Michigan Fresh: Okra (E3196)

This fact sheet provides information for how to select, use and preserve fresh okra. It is part of the MSU Extension Michigan Fresh campaign.

Using, Storing and Preserving Okra

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Okra (also known as gumbo) is a tall-growing, warm- season, annual vegetable.  Set transplants in the garden, after the soil has warmed and the danger of frost has past.

Recommended varieties 

  • Annie Oakley (hybrid; 52 days to harvest; compact plant; extra tender)
  • Dwarf Green Long Pod (52 days; ribbed pods)
  • Clemson Spineless (56 days)

Yield 

One bushel of okra weighs 26 pounds and yields 16 to 18 quarts—an average of 1-1/2 pounds per quart.

Storage and food safety

Refrigerate unwashed, dry okra pods in the vegetable crisper, loosely wrapped in perforated plastic bags.  Wet pods will quickly mold and become slimy.  Okra will keep for only two or three days.  When ridges and tips of pods turn dark, it needs to be used immediately.  Once it starts to darken, it will quickly deteriorate

To prevent cross contamination, keep okra away from raw meat and meat juices.

Wash hands before and after handling fresh produce.

For best quality and nutritional value, do not preserve more than your family can consume in 12 months.

How to Preserve

Canning

Select young, tender pods.  Wash pods and trim ends.  Leave whole or cut into 1-inch pieces.  Place okra in saucepan and cover with hot water, boil 2 minutes and drain.  Pack hot okra into hot jars. Add ½ teaspoon salt to pints, 1 teaspoon to quarts, if desired.  Fill jars to 1 inch from the top with boiling water, remove air bubbles, wipe jar rims, and adjust lids and process (see tables below for recommended processing times). Let jars stand undisturbed for 24 hours. Remove rings. Wash jars, label, date and store. Food in jars that did not seal must be reprocessed in a clean jar with a new lid or refrigerated.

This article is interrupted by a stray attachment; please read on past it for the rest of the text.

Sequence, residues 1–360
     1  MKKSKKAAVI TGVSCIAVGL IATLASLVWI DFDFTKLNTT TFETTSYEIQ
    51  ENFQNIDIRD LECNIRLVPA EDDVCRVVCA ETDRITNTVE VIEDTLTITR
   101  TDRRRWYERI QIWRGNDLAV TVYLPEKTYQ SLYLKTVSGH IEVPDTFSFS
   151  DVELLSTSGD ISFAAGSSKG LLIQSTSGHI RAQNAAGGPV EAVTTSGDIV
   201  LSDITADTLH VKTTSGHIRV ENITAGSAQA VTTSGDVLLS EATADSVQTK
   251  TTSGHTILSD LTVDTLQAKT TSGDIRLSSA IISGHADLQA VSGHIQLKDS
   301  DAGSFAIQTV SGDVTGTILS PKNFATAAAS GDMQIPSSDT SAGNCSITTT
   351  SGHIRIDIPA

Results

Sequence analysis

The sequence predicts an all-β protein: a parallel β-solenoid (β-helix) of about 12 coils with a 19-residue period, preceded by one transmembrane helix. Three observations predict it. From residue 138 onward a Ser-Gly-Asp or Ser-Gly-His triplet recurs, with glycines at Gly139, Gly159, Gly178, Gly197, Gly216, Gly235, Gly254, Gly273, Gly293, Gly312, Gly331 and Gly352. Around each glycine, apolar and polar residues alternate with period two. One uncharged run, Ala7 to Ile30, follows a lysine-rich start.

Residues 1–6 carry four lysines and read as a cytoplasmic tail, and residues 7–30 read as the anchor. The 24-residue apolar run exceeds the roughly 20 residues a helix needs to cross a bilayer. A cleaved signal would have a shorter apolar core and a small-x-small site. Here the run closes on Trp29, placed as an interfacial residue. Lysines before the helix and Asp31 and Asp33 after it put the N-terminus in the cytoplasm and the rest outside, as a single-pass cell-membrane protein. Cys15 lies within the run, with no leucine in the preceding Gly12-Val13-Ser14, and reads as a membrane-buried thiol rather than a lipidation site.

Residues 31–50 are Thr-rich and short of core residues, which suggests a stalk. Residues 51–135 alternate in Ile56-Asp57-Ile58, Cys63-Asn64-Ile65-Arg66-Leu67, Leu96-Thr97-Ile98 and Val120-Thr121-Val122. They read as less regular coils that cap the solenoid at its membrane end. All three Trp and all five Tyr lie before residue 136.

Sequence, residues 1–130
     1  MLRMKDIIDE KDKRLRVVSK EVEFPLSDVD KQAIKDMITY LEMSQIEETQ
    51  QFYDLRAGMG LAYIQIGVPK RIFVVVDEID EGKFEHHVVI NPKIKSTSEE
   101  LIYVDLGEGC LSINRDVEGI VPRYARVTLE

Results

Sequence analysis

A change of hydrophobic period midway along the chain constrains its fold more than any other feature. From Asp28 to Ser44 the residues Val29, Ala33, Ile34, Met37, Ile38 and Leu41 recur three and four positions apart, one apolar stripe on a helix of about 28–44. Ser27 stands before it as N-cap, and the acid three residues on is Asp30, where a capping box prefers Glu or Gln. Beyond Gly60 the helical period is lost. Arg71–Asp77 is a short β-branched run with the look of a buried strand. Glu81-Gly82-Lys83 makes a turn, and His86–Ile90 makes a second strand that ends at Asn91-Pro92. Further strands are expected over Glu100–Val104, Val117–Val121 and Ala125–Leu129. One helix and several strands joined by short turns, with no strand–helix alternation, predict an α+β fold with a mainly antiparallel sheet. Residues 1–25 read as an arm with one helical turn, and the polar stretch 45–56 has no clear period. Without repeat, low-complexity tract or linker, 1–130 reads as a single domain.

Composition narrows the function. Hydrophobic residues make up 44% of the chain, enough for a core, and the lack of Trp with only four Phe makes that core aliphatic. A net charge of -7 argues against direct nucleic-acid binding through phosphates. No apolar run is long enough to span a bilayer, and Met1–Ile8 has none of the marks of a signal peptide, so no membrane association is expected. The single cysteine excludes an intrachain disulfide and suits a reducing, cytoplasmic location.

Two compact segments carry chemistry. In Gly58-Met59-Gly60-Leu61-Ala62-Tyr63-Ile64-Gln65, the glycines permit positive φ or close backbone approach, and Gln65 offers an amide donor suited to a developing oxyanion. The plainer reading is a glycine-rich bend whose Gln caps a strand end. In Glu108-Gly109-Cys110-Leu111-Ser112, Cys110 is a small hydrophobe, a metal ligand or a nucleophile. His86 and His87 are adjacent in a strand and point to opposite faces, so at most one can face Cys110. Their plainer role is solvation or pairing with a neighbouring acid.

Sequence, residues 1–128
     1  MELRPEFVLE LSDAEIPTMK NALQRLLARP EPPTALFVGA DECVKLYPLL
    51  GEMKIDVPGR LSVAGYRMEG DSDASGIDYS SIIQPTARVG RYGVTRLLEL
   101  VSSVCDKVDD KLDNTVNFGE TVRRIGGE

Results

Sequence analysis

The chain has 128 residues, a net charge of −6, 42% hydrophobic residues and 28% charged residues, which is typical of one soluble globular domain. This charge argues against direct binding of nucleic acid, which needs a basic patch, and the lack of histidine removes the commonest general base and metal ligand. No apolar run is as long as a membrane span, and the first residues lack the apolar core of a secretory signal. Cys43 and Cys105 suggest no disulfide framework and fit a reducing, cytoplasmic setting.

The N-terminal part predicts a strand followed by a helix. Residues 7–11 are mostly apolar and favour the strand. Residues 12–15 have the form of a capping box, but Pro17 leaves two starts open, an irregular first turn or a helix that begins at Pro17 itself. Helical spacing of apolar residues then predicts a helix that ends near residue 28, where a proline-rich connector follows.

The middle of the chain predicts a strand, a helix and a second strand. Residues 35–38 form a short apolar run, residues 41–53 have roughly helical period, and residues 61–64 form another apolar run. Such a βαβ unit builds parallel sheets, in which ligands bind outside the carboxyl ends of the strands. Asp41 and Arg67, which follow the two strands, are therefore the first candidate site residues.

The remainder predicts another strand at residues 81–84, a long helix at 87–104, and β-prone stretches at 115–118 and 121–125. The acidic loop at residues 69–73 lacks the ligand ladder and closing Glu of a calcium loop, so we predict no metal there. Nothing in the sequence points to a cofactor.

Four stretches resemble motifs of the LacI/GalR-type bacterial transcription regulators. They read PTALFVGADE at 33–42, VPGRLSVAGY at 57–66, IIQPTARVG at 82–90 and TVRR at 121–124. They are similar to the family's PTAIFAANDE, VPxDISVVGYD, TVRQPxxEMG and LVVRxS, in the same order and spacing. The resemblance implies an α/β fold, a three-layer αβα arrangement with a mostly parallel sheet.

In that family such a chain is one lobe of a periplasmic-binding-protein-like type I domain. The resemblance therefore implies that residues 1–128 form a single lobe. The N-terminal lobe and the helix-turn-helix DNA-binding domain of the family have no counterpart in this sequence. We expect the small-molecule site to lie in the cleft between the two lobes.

Freezing

 

Select young, tender pods, no longer than 2 to 2 1/2 inches long. Okra that is at peak quality for eating is best for freezing. Wash and trim stems of okra pods, leaving caps whole. Drop pods into boiling water, cover and blanch small pods 3 minutes and large pods 5 minutes. Cool promptly and drain. Leave whole or slice crosswise. Package, leaving ½ inch headspace, seal, label and freeze.

Water blanching: Use 1 gallon of water per pound of prepared okra. Put okra in blanching basket or strainer and lower into boiling water.  Place lid on pan/blancher. Return water to boiling and start counting blanching time as soon as water returns to a boil. It should take only a minute to come back to a boil. If it takes longer, too much okra has been put in the boiling water.

Recommended process time for okra in a dial-gauge pressure canner at different altitude levels:

Style of pack Jar size Process time 0-2,000 ft. 2,001-4,000 ft. 4,001-6,000 ft. 6,001-8,000 ft.
Hot  Pints 25 min. 11 lb. 12 lb. 13 lb. 14 lb.
Hot Quarts 40 min. 11 lb. 12 lb. 13 lb. 14 lb.

 

Recommended process time for okra in a weighted gauge pressure canner at different altitude levels:

Style of pack Jar size Process time 0-1,000 ft. Above 1,000 ft.
Hot Pints 25 min. 10 lb. 15 lb.
Hot Quarts 40 min. 10 lb. 15 lb.

 

References

  • Wolford, R. and Banks, D. “Okra.” Watch Your Garden Grow. University of Illinois at Champaign-Urbana, 2013. Web. Accessed April 24, 2013. < http://urbanext.illinois.edu/veggies/okra.cfm>
  • Andress, Elizabeth and Judy A. Harrison. So Easy to Preserve. Bulletin 989, 6th edition. Cooperative Extension University of Georgia, 2014.

More information

Prepared by: Joyce McGarry, Extension educator

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